CoccolitHophore controls on ocean ALKalinitY (CHALKY)

Department Name: Science and Technology


Each year in the North Atlantic Ocean, a key region for the global carbon cycle, immense areas of surface water turn turquoise in summer. This phenomenon relates to the growth and death of unique microscopic algae - coccolithophores. Coccolithophores cover their cells with scales of calcium carbonate (called coccoliths), produced internally and arranged into an exoskeleton around the cell. Under certain conditions, for example when nutrients are scarce or viruses infect cells, these coccoliths are shed in huge numbers. Due to their unique optical properties and immense abundance, they turn the water a milky turquoise colour and can be detected from space. These turquoise waters (termed 'white waters') are where coccoliths have accumulated in their trillions and have been considered as coccolithophore blooms.

Coccolithophores form coccoliths through calcification, which produces CO2 and reduces the pH of the ocean by consuming alkalinity. When coccoliths are lost from the surface ocean, it reduces the capacity of the ocean to absorb more CO2. In this way, 'white waters' are thought to lead to significant reductions in the ocean's carbon sink. However, we now suspect that these 'white waters' are not areas of intensive coccolithophore calcification or growth, rather they are regions of senescence and an accumulation of detrital material. Coccolithophores have been found to grow faster and calcify more outside of the 'white waters' and more recently we have found that they are also heavily grazed by small animals (zooplankton) who partly digest the calcium carbonate.

In this way, coccolithophore calcium carbonate appears to be recycled far more in surface waters than previously thought and the alkalinity they are associated with may be retained in the surface ocean. However, we have few coupled measurements of the balance of these different processes (growth, death and sinking) with which to take an informed view of how coccolithophores control ocean alkalinity. This represents a major uncertainty in the global marine C-cycle, with global C budgets and Earth System Models struggling to incorporate calcium carbonate or accurately replicate observations of seawater alkalinity.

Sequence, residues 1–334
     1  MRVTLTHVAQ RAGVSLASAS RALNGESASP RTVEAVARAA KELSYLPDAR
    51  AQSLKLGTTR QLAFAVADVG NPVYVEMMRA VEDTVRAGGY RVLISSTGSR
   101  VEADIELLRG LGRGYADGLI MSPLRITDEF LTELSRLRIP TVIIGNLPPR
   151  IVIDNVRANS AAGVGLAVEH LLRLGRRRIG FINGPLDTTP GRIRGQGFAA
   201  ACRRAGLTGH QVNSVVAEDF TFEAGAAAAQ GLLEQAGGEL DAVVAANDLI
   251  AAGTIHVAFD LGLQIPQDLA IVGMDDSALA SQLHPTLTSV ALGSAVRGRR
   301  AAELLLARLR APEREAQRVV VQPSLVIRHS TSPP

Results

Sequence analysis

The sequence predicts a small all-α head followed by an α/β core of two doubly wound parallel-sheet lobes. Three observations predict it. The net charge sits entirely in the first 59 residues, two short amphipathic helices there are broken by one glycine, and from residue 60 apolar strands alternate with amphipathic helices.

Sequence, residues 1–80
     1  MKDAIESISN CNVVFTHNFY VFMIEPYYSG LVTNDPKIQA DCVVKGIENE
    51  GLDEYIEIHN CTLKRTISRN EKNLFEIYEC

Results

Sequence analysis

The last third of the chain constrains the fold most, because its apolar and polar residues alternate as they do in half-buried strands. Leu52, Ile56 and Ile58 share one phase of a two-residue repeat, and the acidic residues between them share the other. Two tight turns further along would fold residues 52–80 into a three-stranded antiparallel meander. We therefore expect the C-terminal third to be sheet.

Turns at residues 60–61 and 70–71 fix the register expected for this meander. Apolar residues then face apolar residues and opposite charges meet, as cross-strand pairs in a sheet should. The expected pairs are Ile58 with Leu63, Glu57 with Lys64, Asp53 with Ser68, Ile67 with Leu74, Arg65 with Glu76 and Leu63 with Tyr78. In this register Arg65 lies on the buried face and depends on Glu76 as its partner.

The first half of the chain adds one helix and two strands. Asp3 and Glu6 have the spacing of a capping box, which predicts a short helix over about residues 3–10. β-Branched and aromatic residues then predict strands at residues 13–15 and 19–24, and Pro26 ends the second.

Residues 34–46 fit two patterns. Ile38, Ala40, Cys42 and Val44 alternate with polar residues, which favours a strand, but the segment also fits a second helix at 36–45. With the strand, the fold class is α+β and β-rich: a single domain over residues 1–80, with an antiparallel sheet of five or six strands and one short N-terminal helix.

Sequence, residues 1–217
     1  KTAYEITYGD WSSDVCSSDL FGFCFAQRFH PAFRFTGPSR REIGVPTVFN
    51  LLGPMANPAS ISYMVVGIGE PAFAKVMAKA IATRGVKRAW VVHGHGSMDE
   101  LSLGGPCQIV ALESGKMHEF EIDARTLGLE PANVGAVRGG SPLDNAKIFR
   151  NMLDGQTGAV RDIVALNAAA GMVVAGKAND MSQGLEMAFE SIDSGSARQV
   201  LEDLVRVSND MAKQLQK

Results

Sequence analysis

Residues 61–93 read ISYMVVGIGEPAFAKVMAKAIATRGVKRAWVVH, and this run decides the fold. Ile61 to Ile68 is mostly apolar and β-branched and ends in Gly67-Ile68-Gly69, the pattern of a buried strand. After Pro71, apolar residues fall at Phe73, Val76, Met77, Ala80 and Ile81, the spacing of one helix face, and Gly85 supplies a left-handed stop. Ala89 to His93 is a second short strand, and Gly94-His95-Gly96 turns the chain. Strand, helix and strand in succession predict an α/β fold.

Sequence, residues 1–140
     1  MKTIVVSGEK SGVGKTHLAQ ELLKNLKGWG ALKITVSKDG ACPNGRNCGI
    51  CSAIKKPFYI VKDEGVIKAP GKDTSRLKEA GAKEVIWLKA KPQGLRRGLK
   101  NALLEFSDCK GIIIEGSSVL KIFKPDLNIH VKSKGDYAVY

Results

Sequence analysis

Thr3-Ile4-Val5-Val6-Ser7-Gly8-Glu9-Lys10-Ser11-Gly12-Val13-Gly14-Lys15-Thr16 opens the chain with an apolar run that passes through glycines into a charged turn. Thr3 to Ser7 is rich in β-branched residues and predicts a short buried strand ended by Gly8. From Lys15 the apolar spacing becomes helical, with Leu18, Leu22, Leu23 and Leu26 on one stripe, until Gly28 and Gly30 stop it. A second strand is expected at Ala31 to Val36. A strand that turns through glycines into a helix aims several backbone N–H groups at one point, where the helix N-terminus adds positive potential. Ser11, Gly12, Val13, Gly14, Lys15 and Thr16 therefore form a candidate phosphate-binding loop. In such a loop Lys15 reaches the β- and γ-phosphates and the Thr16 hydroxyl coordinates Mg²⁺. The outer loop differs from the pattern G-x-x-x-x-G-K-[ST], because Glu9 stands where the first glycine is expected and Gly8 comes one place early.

The 'coccolithophore controls on ocean alkalinity' (CHALKY) project aims to fill this critical knowledge gap by quantifying the balance of coccolithophore production and loss processes and their impact on C-cycling and air-sea CO2 fluxes. Our assessment of ecological interactions and impacts on seawater chemistry will be carried out while improving in situ and remotely sensed optical detection of coccolithophores to allow us to use Earth Observation data to scale our insights to the global ocean and historically using existing satellite data sets.

CHALKY will, for the first time, concurrently quantify coccolithophore calcium carbonate production (consuming alkalinity), viral lysis (retaining alkalinity), zooplankton grazing (also retaining alkalinity) and sinking fluxes into the ocean's interior (removing alkalinity). We will look at the balance of these processes during the transition from late-spring to summer, when in situ and satellite data informs us that coccolithophores are most active. We combine a research cruise measuring these processes with autonomous platforms and state-of-the-art sensors measuring ocean chemistry and in situ optical properties. By quantifying the key growth and loss processes, within the context of seawater carbonate chemistry and C-cycling, CHALKY will inform a more accurate representation of how biology impacts the ability of seawater to absorb CO2, allowing closer matching of observations and models and inclusion of calcium carbonate in global C budgets.


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